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Sainsbury’s win their planning appeal

NewsAfter last year’s unanimous decision to refuse Sainsbury’s planning permission to operate from the Calligaris site, Sainsbury’s expressed their disappointment with the ruling and within a few months had officially lodged an appeal.

After a nine month campaign against the plans, campaigners responded in kind by re-iterating the volume of opposition and how unlikely an appeal would be unless the evidence considered had changed. On 2nd June 2014 however the appeal was allowed by The Planning Inspectorate for the reasons of removal of the external ATM, increasing the number of parking spaces from 6 to 8.

The main considerations were highway safety and the free flow of traffic (mostly in Langham Road) and the noise and disturbance to neighbours. In particular, Sainsbury’s Transport Assessment contained comparisons with traffic and customer numbers from a similar store in Tooting Bec which has a larger catchment area and busier road. The Tesco Express in Twickenham that campaigners wanted to use for traffic comparisons was deemed to be not comparable.

The full text of the appeal decision can be found here.

[Update 26/11/2014] The Royal Courts of Justice took only one of the two planned court days to decide that they will uphold the Inspectors decision and allow Sainsbury’s plans to happen. For more information see the campaign website article.


0 thoughts on “Sainsbury’s win their planning appeal

  • Hate big shops

    Is it possible to appeal against an appeal?

  • Glenn Charrington

    once again big business wins and the little traders loose out. Shame on Sainsbury’s. Did they increase the number of covered bicycle racks aswell?

  • When it opens – do not use it!

  • Cllr Martin Elengorn

    An appeal decision granting approval for a planning application previously refused by the Council can only be challenged in the Courts. Those seeking judicial review would have to demonstrate either serious procedural irregularity or that the decision was irrational. I voted for refusal but I don’t think it can be argued that the Inspector’s decision was irrational.

  • Andrea Larter

    Absolutely fantastic news about Sainsburys winning their appeal. It is exactly what this end of the High Street needs to boost local business’s. Those who objected should be ashamed for wasting local government time. The economy needs local investment and this is exactly what Sainsburys will provide with many new jobs created and local cafés, hairdresser, shops, pubs and restaurants all benefiting.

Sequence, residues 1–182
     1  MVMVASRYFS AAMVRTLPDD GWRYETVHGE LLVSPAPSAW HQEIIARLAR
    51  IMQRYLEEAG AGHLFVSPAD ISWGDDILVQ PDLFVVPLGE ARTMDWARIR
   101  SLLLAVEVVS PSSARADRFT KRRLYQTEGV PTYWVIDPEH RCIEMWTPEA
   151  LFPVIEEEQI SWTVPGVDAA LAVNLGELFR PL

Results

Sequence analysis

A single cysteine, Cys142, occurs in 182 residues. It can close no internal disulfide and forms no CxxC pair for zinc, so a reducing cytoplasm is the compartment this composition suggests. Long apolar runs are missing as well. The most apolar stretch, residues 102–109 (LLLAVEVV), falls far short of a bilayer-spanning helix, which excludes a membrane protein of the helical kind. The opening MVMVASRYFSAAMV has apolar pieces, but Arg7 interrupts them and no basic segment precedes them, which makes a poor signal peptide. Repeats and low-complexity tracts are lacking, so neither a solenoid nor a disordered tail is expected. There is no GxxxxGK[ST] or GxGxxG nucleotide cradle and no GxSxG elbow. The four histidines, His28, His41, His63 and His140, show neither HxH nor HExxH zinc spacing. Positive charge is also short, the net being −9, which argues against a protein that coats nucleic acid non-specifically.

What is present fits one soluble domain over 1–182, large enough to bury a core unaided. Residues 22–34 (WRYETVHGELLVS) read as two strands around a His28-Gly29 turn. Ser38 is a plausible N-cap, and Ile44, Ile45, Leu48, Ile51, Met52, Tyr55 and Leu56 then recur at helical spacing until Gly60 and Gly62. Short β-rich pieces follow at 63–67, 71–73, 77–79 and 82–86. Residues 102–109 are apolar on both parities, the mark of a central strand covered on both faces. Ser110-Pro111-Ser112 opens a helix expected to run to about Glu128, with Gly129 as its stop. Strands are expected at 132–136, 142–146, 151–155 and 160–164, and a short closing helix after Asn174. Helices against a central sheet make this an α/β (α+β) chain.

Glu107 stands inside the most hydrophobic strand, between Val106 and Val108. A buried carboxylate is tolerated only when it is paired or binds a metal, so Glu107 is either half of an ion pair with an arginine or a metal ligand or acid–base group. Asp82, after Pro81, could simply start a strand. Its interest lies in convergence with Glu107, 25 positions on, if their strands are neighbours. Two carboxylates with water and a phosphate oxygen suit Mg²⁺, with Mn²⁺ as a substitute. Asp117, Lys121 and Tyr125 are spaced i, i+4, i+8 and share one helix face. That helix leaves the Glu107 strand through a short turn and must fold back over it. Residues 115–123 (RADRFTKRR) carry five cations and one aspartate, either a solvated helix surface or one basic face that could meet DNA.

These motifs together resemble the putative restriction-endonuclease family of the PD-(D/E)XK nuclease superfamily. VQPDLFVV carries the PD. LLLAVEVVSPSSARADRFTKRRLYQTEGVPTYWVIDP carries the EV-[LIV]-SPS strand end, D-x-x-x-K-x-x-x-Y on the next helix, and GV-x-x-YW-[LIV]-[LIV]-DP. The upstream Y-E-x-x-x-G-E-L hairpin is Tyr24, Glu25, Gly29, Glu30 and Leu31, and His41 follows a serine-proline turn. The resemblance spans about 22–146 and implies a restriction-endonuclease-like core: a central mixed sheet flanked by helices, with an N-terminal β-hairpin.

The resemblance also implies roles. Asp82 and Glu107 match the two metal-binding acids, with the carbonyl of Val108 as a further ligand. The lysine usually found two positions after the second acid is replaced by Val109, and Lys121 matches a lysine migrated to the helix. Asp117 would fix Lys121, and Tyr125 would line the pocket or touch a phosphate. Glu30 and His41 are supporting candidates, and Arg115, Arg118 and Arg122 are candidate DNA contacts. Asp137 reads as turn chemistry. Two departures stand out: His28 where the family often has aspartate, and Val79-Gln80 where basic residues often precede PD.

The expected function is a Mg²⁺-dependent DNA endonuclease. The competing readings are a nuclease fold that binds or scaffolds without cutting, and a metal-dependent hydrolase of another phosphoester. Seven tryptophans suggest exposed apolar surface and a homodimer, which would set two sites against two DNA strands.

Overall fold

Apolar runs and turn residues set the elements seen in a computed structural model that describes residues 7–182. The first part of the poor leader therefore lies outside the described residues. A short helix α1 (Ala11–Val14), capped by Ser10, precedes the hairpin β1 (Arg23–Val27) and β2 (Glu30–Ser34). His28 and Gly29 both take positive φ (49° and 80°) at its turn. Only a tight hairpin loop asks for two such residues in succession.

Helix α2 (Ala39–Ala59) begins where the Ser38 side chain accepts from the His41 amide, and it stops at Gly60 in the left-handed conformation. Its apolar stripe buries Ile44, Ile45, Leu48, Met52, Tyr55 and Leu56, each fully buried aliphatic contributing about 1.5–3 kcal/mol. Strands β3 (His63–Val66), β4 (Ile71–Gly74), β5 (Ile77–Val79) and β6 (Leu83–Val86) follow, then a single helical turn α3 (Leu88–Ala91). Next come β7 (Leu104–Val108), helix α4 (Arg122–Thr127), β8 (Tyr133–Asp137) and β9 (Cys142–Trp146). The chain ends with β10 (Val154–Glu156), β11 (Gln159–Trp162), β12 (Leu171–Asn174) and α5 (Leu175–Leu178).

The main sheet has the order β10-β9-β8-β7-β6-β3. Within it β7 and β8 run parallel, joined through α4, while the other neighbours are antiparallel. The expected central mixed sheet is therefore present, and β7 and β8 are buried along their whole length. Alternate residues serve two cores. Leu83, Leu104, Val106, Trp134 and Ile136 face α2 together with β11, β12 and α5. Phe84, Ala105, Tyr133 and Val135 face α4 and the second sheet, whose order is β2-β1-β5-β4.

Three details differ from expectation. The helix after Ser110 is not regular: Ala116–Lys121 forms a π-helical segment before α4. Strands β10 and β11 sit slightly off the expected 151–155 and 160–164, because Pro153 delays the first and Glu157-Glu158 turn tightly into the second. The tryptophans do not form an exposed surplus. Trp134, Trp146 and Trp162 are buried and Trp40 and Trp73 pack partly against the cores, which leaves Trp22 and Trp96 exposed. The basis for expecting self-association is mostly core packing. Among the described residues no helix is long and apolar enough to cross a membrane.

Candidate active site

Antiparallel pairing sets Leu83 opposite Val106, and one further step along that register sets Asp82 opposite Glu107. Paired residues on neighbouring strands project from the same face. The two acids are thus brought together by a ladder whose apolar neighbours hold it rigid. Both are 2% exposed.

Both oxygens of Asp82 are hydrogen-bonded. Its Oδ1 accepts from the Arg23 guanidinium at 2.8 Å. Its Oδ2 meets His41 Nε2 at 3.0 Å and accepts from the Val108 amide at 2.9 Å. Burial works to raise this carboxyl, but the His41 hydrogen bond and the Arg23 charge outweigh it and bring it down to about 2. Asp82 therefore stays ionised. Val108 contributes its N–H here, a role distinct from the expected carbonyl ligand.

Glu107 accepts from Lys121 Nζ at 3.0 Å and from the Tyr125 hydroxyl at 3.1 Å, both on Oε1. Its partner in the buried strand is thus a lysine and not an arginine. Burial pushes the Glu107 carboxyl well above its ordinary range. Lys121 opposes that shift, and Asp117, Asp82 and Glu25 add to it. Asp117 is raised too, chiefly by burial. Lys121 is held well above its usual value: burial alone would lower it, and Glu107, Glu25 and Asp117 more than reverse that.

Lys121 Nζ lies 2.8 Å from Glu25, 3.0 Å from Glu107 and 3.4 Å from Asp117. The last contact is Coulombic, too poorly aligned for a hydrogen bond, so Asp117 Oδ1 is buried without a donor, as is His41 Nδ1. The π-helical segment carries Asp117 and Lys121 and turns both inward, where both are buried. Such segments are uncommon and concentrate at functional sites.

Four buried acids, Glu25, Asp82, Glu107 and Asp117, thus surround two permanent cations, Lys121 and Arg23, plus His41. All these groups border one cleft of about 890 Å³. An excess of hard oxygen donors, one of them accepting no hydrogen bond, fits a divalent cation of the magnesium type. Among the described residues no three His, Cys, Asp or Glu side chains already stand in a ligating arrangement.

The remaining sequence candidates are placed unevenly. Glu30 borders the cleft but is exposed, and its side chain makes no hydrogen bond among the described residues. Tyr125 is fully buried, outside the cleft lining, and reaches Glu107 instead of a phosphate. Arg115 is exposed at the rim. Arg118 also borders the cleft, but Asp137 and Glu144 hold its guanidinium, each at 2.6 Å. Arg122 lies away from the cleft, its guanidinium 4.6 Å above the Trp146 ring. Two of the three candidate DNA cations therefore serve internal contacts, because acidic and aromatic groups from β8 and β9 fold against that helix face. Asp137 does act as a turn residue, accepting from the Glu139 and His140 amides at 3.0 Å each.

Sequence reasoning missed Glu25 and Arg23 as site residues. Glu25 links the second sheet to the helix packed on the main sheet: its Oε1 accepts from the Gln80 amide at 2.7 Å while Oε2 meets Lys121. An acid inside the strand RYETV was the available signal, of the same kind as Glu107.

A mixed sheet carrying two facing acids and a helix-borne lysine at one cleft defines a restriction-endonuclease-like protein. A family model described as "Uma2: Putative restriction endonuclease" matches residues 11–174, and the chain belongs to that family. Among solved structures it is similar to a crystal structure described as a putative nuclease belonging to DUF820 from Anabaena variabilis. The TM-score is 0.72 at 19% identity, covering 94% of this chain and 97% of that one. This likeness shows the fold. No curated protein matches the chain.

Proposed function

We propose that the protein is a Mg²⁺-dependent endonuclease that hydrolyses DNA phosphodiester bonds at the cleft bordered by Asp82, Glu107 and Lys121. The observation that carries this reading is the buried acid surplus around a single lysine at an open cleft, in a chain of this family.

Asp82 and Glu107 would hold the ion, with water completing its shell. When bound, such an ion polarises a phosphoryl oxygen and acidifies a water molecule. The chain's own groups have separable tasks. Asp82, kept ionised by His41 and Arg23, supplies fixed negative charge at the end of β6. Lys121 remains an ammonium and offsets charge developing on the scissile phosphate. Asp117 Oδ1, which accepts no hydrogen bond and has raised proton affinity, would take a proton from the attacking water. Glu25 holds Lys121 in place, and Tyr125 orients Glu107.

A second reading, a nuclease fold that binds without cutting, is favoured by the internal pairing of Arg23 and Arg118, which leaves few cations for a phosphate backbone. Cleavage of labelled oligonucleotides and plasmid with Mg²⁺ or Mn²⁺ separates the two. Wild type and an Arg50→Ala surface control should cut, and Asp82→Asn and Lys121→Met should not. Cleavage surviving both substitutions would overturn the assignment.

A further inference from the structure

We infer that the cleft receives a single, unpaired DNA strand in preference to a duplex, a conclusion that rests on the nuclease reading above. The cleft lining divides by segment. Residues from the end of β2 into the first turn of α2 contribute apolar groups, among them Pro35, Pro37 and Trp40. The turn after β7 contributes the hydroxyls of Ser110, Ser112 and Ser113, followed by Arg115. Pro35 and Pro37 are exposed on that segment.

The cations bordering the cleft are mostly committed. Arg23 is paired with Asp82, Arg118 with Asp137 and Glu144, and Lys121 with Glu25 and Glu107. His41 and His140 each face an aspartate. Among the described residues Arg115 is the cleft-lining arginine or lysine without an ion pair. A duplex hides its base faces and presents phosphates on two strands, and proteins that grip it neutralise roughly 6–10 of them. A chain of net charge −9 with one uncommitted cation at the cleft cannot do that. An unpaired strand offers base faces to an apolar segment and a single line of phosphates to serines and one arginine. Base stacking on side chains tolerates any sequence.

• We already have a Tesco & M & S within walking distance, a Sainburys is unnecessary. We already put up with enough rubbish & drunks in udney hall gardens, having cheap booze a stones throw away is not ideal. Parking is already an issue. Need I go on? The list of cons is endless.

  • And loads more cars and traffic on the high street, how lovely. In fact why not do away with the cottages opposite and put in a nice big roundabout to ‘smooth’ traffic flow. Or how about a multi-storey where the arts centre is……

  • Perhaps the effort should have gone into making sure that any new store would come with an appropriate building for the area. The Calligaris building really is not the prettiest in the high street.
    Personally, I would have preferred a larger type of store somewhere in Teddington rather than the Morrison’s and Sainsbury’s we will now end up with. The Local/Express type stores seem to mainly be sandwich and ready meal outlets.

  • I don’t really understand who benefits from the removal of the ATM… especially how there isn’t one nearby. Odd.

  • Once again Teddington residents win by getting a quality supermarket that will boost trade generally in the area.

    • Anne Hewitt

      One has to wonder what incentive has enabled planning permission to be accepted for the opening of a Sainsburys store on this quite inappropriate site, in an already congested traffic area with inadequate parking facilities. We do not need yet another Express-type food and drink outlet!

  • Stephen Jones

    The beauty of that end of Teddington is that there’s so few chains and the diverse range of independent retailers, so it doesn’t look like the usual UK high street.

    Also with all the supermarkets in town already, do we really need a 5th??


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